FIG. 4, which shows the playing surface 42 and an arrangement of playing pieces positioned thereon after several turns of play. The playing surface 42 has marked thereon a grid formed by three sets of spaced parallel lines 44, 46 and 48 which form a continuous pattern of adjacent triangular playing spaces 50, each of which is sized and shaped to accommodate one of the playing pieces. The playing surface 42 may be as large or small as desired depending on the number of playing pieces it is able to accommodate and the desired complexity of the game. One of the triangular shaped spaces 52 near the center of the playing surface is labeled "start". The playing surface may be printed on a piece of flexible material such as on paper or plastic or it may be formed on a hard surface such as on wood or a hard plastic material, and it is contemplated that, when the playing surface is hard, raised portions or ridges may be provided between the adjacent playing spaces 50 to help locate the playing pieces and prevent them from moving after they are played.
Play commences as follows: once it has been determined who among the players will make the first play, which may be done by each player selecting one playing piece from a group of face-down playing pieces, the one selecting the letter nearest the beginning of the alphabet being the first player. The players each select a predetermined number of pieces, such as seven playing pieces, from the group of pieces which are in a face-down arrangement. Each player then places the playing pieces he has selected in his holder 34 so that only the player who selected the pieces may view the faces of the pieces that have the information thereon. The first player now places his playing pieces on the playing surface 42, first placing one of the pieces on the playing space 52 which is the space marked "start". Before the first player can place any of his pieces on the playing surface he must be able to spell at least one word from the pieces so placed. This is done by laying down the first piece in the triangular area marked "start" and laying down subsequent letter or other pieces adjacent that first piece to spell the desired word. Each subsequently played piece must adjoin at least one previously played playing piece along one side, but, the adjacent letters used to form a word can be on pieces adjacent along a side or on adjacent pieces that only touch at a corner.
In the arrangement shown in FIG. 4, the pieces played by each of the four players are marked with a number corresponding to the respective players to clarify the explanation of the game. In the example, player number one, who was the first player, played the letters C, A, R, and D as indicated by the pieces marked #1, to spell the word "card". The score for player #1 on his first turn is 12 which is the sum of the points assigned the playing pieces used by player #1 in his turn. The points assigned the letters used here are C=5, A=1, R=2 and D=4. Player #1 now draws four more playing pieces from the stock of pieces arranged face-down so that the number of pieces remaining on his rack 34 is the same as the number of pieces originally selected. The second player (#2) now takes his turn and places the playing pieces which for convenience of explanation are shown having #2 on them on the playing surface. In this case player #2 plays a P and a T, spelling the words "part". As can be seen, the R and T pieces in the word "part" adjoin only at corners but still may be counted as spelling words. Player #2 scores 5+1+2+2=10 points for spelling "part".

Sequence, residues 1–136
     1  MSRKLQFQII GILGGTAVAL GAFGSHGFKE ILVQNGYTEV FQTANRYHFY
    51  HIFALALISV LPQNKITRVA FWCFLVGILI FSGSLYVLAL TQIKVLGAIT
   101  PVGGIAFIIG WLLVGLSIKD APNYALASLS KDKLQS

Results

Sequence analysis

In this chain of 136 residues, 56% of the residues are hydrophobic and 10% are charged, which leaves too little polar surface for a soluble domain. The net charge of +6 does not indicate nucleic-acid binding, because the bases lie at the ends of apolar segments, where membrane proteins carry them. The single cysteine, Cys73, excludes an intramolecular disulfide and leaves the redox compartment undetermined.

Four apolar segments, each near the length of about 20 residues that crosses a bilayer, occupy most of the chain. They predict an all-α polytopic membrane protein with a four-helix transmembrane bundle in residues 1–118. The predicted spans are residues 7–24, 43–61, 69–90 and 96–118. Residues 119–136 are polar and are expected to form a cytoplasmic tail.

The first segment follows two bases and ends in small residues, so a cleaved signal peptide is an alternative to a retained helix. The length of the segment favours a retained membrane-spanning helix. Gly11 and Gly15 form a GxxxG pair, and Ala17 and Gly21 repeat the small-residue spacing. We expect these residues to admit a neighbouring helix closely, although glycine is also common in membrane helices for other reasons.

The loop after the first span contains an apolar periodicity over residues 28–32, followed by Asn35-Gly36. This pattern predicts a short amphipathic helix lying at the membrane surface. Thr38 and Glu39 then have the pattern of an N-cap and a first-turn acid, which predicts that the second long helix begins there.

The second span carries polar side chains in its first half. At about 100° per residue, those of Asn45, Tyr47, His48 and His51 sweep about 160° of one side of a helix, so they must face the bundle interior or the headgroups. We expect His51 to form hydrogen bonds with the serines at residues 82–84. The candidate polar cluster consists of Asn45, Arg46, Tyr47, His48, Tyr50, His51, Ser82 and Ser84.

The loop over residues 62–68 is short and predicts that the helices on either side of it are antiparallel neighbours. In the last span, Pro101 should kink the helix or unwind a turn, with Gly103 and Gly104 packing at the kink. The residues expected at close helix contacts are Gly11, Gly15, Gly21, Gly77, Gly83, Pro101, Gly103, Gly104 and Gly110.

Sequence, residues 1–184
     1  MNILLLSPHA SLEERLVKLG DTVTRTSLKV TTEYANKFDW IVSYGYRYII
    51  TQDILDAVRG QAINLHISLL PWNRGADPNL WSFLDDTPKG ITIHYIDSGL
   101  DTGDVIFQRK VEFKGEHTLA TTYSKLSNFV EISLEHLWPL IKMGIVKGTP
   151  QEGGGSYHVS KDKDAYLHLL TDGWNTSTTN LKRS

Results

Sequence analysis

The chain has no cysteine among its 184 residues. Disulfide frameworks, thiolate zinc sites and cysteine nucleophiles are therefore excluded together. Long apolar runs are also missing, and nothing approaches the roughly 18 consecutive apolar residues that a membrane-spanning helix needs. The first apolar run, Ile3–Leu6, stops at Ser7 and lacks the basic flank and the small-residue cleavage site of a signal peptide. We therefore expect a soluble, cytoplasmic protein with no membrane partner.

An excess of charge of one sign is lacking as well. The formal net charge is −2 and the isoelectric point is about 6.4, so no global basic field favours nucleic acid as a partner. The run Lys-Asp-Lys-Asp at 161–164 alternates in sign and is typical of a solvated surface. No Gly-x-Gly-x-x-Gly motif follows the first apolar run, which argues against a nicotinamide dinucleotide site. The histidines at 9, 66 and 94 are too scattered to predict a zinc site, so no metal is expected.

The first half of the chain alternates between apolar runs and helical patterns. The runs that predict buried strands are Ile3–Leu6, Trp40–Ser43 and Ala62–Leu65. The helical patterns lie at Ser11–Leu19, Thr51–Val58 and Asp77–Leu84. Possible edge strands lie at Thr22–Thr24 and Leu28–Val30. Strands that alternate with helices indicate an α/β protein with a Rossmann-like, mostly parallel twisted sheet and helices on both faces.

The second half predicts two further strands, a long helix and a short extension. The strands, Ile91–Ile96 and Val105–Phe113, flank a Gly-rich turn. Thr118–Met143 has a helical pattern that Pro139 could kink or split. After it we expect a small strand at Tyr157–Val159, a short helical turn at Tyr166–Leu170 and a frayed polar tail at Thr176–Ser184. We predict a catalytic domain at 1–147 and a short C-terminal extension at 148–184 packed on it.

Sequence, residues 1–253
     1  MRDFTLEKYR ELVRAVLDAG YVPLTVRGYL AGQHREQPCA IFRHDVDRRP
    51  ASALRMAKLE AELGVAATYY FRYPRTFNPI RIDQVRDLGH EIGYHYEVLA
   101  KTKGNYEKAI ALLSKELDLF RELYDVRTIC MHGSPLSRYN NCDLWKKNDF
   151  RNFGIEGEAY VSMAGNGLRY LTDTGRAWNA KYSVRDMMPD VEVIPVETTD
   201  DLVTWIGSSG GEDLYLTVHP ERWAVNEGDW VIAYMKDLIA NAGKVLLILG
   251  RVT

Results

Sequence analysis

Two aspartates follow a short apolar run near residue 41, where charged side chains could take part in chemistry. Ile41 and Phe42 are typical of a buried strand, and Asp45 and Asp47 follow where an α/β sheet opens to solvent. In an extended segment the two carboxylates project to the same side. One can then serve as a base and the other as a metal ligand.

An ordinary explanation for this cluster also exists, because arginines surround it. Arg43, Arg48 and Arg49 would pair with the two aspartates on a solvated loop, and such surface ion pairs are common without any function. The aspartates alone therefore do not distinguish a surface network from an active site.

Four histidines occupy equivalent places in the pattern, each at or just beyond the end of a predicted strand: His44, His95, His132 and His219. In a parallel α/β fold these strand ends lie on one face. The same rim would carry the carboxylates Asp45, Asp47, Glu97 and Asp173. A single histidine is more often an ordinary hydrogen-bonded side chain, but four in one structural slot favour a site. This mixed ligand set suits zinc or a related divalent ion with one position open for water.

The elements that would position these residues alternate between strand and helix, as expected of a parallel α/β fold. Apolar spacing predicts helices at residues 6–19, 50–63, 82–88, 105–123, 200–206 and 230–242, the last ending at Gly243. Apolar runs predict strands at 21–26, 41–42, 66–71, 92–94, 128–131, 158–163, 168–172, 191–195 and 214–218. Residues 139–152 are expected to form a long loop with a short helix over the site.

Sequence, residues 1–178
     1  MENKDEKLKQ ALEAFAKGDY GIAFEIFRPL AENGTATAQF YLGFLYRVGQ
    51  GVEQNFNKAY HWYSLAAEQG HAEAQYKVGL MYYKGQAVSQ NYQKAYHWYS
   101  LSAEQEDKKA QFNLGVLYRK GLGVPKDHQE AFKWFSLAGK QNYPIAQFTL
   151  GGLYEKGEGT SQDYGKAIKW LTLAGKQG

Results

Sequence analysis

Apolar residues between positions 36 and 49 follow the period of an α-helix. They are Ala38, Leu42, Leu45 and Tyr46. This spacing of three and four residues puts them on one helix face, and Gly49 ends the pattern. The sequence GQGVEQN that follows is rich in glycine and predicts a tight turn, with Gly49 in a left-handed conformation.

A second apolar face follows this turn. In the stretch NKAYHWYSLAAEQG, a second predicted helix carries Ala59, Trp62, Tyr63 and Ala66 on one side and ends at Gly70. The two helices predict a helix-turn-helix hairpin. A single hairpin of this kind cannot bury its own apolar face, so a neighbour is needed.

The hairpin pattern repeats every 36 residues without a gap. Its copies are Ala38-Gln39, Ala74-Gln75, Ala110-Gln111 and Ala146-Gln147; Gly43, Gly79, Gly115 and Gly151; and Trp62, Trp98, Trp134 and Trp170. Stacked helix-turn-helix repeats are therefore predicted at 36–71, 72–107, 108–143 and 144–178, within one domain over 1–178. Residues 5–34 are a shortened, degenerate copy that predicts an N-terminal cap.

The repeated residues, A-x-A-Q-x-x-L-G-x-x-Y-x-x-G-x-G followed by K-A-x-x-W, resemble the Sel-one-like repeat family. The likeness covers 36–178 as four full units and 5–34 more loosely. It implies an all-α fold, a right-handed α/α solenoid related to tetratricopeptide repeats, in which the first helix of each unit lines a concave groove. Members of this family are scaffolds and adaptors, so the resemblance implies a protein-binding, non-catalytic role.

Player #3 has added pieces #3 which include a letter S, ?, and a 2 to spell the word "drastic". The ?, which is an "any letter" symbol 22, is used by player #3 as the letter "I" to complete the word. Although the ? playing piece has no assigned point value for scoring purposes it enables player #3 to complete his declared word and to score points. Player #3 in addition to playing the playing piece ? has played a "double score" piece 30 which blocks the space on which it is played and has the effect of doubling his point score for his turn which is equal to (4+2+1+3+2+0+5)×2=34 points.